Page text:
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Jamal Mashburn Rumors

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Jamal Mashburn
Jamal Mashburn
Position: -
Born: 11/29/72
Height: 6-8 / 2.03
Weight:246 lbs. / 112 kg.
Earnings: $75,623,634 ($112,198,300*)

Jamal Mashburn interested in NBA ownership

Q: Do you still have interest in being part of a pro sports ownership group? Jamal Mashburn: I’ve been approached a number of times. There is always interest. The way I kind of look at ownership now, the valuations of NBA franchises have gone through the roof. You’re talking about in excess of a billion dollars even for a small-market franchise. I think there are opportunities there. I think there are future opportunities. I’ve looked at the MLS as an opportunity. So yeah, I do have interest.
This rumor is part of a storyline: 1 more rumor
Q: In 2012, you were involved in a bid to buy the Hornets. What was that process like for you? Jamal Mashburn: Very educational. There was a group — I won’t mention their names because they want to remain quiet — it was actually one company, and they’re pretty successful down in that Louisiana area. I think my bid was $275 (million) at the time. I spoke directly to (commissioner) David Stern. We became fast friends after I retired. I was one of the few players that took a meeting with him and felt that if I’m going to shake your hand on draft night I must shake your hand on exit. When I had that meeting with him, they were like, ‘Well, would you like to work with us? We didn’t know you were doing all this stuff off the court.’ I was like, ‘David, I appreciate the flattery, but I’m going to come back and be a partner.’ From that day on, David was a champion for me to get into NBA ownership. He showed me books of teams that were for sale, actual financials and things like that.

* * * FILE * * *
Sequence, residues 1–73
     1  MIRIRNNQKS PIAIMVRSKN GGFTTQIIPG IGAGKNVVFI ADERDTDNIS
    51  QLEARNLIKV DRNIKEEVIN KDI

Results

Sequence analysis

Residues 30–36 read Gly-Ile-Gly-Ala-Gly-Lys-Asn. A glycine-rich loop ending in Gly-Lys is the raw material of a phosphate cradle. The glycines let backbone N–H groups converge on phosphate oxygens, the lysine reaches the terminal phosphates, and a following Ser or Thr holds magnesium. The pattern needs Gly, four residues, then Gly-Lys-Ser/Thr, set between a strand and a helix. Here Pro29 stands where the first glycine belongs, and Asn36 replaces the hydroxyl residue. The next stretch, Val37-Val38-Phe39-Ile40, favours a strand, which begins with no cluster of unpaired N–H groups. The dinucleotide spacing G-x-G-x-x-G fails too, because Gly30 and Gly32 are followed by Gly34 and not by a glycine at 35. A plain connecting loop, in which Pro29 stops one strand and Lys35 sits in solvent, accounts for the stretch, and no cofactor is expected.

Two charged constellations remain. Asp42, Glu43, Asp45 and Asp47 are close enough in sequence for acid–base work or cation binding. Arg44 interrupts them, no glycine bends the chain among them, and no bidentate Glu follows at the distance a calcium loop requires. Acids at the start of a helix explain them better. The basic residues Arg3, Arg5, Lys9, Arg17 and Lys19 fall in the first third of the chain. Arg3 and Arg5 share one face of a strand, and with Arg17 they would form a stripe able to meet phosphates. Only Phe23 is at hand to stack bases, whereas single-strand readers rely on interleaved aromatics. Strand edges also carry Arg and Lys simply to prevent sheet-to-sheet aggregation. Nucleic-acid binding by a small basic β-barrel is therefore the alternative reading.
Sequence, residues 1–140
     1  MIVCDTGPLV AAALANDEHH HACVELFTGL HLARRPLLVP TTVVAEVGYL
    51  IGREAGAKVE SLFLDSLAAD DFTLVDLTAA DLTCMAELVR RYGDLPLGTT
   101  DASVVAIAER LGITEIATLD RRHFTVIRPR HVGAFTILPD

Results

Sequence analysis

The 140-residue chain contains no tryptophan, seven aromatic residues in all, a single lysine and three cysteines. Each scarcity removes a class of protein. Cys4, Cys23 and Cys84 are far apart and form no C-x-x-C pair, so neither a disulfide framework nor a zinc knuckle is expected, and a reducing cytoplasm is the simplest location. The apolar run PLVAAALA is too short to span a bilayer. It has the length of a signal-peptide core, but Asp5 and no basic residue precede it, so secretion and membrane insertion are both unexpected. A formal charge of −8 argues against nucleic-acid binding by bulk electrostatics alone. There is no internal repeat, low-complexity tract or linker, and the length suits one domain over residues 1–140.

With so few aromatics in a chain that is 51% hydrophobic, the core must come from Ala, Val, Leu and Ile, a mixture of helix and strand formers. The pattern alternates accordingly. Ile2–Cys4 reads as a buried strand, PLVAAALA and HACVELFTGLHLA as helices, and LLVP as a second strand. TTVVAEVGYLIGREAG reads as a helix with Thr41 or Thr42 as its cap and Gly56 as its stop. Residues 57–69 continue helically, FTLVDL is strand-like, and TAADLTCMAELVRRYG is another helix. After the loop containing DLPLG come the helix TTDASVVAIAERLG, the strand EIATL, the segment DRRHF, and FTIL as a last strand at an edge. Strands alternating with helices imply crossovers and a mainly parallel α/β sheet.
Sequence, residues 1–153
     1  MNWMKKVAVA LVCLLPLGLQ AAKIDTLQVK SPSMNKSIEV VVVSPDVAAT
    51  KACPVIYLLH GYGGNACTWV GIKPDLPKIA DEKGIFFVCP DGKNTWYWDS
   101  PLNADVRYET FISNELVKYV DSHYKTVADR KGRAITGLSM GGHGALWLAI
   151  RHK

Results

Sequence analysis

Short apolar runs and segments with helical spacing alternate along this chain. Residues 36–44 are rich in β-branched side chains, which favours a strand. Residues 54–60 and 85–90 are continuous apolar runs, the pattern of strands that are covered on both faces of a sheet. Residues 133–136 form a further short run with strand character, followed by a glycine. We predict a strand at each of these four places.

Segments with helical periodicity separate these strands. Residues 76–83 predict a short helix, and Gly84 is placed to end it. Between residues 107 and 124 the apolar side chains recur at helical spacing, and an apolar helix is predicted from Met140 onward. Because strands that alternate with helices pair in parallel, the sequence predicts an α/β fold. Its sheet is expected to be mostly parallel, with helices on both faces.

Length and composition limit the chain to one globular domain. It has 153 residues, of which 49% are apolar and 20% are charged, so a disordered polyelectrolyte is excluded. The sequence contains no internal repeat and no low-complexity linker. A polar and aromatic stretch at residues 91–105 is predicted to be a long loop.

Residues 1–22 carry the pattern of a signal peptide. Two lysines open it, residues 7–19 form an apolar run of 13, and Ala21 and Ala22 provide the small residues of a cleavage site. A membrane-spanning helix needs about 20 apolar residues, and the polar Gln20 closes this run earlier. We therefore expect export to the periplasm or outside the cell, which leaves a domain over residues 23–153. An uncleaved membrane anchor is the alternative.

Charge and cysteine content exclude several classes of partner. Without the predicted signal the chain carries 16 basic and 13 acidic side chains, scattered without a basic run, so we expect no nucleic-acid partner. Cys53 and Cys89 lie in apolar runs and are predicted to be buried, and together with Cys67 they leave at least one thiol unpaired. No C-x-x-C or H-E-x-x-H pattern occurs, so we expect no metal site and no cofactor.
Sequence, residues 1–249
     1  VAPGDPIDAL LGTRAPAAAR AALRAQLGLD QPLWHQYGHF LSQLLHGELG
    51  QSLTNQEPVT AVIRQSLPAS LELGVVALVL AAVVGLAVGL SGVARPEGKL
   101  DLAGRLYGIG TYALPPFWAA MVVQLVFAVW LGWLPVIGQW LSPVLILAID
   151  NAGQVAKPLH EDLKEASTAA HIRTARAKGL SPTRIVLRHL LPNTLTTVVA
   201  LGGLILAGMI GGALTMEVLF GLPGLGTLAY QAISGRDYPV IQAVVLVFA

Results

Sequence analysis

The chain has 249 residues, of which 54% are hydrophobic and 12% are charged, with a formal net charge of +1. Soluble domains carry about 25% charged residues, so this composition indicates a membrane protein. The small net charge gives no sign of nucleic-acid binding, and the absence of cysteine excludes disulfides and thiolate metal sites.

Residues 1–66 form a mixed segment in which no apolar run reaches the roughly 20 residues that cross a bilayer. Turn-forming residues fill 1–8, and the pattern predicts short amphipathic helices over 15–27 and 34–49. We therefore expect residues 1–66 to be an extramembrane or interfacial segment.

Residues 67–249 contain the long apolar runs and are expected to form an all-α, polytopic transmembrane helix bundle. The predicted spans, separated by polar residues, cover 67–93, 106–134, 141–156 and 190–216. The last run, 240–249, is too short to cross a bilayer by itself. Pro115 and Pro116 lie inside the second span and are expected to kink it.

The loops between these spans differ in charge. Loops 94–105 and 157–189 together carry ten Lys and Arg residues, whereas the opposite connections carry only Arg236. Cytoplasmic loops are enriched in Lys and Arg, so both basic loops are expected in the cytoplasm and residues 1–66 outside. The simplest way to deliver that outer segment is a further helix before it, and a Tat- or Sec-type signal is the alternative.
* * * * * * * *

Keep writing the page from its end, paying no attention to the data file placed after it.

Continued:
Mashburn has been a stakeholder in close to 100 franchises since he stepped away from the game. He has owned Outback Steakhouse and Dunkin’ Donuts franchises, and has held onto Papa John’s franchises, car dealerships and a waste management company. Masburn also sits on the board of directors at McClatchy, the newspaper chain, serves as an advisor to Revolution Global, an Illinois-based cannabis company, and is part of an investment group that is building a hotel in Rochester, Minnesota. “A lot of athletes reach out to me about transitions and everything like that,” Mashburn said. “One thing I always tell them is I planned my transition when I entered. That’s how I look at business as well. When you buy a company or you invest in something, my next question is when is the exit? Or when are you thinking about exiting?”
Q: Some would argue that ‘02-03 was the best season of your career. But because of the knee injury (editor’s note: the cartilage in Mashburn’s right knee wore out, which caused bone to grind on bone), you had to retire shortly after. How difficult was that? Jamal Mashburn: My body told me I can’t continue. I had to really listen to that. That was difficult in itself when your body fails you and pushes you toward exiting. But the reality of that is professional sports. Me retiring, there was no regret in doing that because I can literally say I left everything out there. I haven’t looked back and had any regrets at all. There was nothing left for me to clean up or regret or feel guilty about.
As Gooden, who played for ten teams during his career, began looking into opening his first shop, he started the due diligence process. That included chatting with fellow NBA players Junior Bridgeman and Jamaal Mashburn, both of whom have become quick-service restaurant businessmen. They answered many of the questions Gooden had before opening his first Wingstop in Altamonte Springs, Florida, in 2012.